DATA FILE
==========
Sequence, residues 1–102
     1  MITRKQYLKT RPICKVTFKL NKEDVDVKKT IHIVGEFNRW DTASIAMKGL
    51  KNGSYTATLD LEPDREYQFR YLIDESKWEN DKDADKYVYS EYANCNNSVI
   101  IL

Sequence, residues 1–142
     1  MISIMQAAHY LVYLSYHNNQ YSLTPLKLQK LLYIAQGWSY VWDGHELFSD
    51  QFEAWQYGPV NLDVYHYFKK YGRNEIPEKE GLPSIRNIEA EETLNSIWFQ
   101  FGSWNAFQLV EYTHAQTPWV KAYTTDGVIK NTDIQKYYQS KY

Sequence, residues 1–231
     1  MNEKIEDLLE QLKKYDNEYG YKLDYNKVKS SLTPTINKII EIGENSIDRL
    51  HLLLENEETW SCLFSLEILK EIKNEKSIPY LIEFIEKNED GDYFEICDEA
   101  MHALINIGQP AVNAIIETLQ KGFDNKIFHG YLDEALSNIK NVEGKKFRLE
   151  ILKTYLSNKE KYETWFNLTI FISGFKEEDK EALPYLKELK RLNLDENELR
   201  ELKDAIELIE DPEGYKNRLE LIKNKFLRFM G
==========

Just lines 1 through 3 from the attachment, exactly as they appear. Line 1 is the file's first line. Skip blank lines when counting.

Sequence, residues 1–102
     1  MITRKQYLKT RPICKVTFKL NKEDVDVKKT IHIVGEFNRW DTASIAMKGL
    51  KNGSYTATLD LEPDREYQFR YLIDESKWEN DKDADKYVYS EYANCNNSVI